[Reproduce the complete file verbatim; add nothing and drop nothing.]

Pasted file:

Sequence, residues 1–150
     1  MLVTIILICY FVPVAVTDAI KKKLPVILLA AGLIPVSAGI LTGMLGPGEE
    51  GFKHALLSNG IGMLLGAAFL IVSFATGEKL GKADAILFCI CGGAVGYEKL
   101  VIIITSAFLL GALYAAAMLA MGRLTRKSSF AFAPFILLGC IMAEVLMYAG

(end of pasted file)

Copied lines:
Sequence, residues 1–150
     1  MLVTIILICY FVPVAVTDAI KKKLPVILLA AGLIPVSAGI LTGMLGPGEE
    51  GFKHALLSNG IGMLLGAAFL IVSFATGEKL GKADAILFCI CGGAVGYEKL
   101  VIIITSAFLL GALYAAAMLA MGRLTRKSSF AFAPFILLGC IMAEVLMYAG